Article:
very bright and caring," he said.
Berryman said that the Republi-
cans have unintentionally honored
him by recruiting a candidate to run
against him. "(It is) a compliment to
our office and what we've been able
to do in four years," he said.
LSA senior Bill Lowry, who serves
as the state chair of the Michigan
College Republicans, said he would
like to see her run.
"I hope she does decide to run
because she'll make a very good sena-
See RAFKO, Page 2

Rafko

GET INTO THE SPIRIT

' researchers
question myth of
self-segregation

SARAH WHITING/Daily
participate in an Introduction to Woman Spirit class.

Aurora, Ann Richards and her daughter Liz Richards

Market dives to 6-month low

Research indicates
students of color
more likely to cross
racial boundaries
By SCOT WOODS
DAILY STAFF REPORTER
Claiming to reverse a misconcep-
tion held by the white majority, re-
search by two University professors
shows college students of color are
more likely to dine with, study with,
and date students from different ethnic
and racial backgrounds.
The study also found students of
color report feeling more pressure not
to socialize with students of other
backgrounds, and more often felt ex-
cluded from school activites because
of their color.
A draft of the paper states concerns
about self-segregation of minorities
"may simply be an expression of a
majority perspective," and while ac-
tions labeled as self-segregation may
be more visible among minorities, they
are more prevalent among white stu-
dents.
The study is being presented in
New Orleans today by School of Edu-
cation Profs. Sylvia Hurtado and Eric
Dey, and Jesus Trevino of Arizona
State University at the annual meet-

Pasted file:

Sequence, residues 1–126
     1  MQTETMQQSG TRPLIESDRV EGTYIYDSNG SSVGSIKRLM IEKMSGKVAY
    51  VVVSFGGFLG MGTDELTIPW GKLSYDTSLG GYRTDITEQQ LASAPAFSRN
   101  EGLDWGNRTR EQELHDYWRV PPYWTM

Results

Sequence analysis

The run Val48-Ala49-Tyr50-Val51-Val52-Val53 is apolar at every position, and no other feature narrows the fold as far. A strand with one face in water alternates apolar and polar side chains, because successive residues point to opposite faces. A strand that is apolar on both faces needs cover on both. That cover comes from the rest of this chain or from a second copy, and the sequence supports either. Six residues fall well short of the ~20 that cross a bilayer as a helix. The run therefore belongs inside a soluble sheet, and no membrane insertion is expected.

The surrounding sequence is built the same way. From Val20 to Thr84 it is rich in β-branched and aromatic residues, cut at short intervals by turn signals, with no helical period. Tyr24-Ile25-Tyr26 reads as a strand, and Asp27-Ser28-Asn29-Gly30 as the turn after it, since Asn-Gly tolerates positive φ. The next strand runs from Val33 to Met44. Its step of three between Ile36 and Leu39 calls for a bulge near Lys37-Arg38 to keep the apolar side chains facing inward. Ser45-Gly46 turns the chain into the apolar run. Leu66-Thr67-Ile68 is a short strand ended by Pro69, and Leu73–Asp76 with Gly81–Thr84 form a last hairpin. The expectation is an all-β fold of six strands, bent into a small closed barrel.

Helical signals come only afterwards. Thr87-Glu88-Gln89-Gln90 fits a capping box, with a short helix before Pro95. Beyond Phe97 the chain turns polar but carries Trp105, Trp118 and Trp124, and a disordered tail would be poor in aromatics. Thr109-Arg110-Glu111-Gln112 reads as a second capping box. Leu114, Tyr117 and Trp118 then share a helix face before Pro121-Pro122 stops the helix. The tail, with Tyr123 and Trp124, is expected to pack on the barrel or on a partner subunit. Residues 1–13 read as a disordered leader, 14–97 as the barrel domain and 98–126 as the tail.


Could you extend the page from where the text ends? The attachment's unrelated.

ing of the American Educational Re-
search Association.
The researchers found only 15 per-
cent of whites frequently studied with
students of other races or ethnicities,

much less often than Blacks (49 per-
cent), Asians (60 percent) or Chicanos
(72 percent). Figures were similar when
students were asked how often they
dined with people of other races or
ethnicities.
Figures were much lower in the
question of cross-racial dating, with
more Asian students reporting frequent
interracial relationships (42 percent)
than Chicanos (24 percent), Blacks (13
percent) or whites (4 percent).
Hurtado and her associates surveyed
6,107 students from 390 universities
for their study, asking about cross-
racial interaction and exposure to ra-
cial harrassment or exclusion.
A group of first-year students and
sophomores from Mosher-Jordan
Residence Hall said the study seemed
accurate in some parts, but questioned
the conclusion that self-segregation
was a myth.
LSA sophomore Rakesh Mashru,
an Indian American student, said,
"People tend to associate with people
of similar backgrounds; it's not that
people are racist."
LSA sophomore Dave Chen added,
"A study like that causes us to focus on
skin color. There are so many other
barriers you could use. You can say
that skaters and punks segregate them-
selves. That would be just as true."
Chen, who is Taiwanese, is the presi-
dent of the Asian American Associa-
tion.
See STUDY, Page 2

NEW YORK (AP) - Stocks
dropped to a six-month low in volatile
trading yesterday, shaken once again
byrisinginterestratesand by lastweek's
better-than-expected report on employ-
ment.
Share prices recovered from their
worst levels for the day.The Dow
Jones industrial average was down
almost 84 points at one point in the
session, while the Nasdaq composite
index lost about 20 points.
The Dow finished down 42.61
points to 3,593.35, the average's worst
level since Oct. 11.
The best-known barometer of the
market's health is now 9.7 percent

below its record high reached on Jan.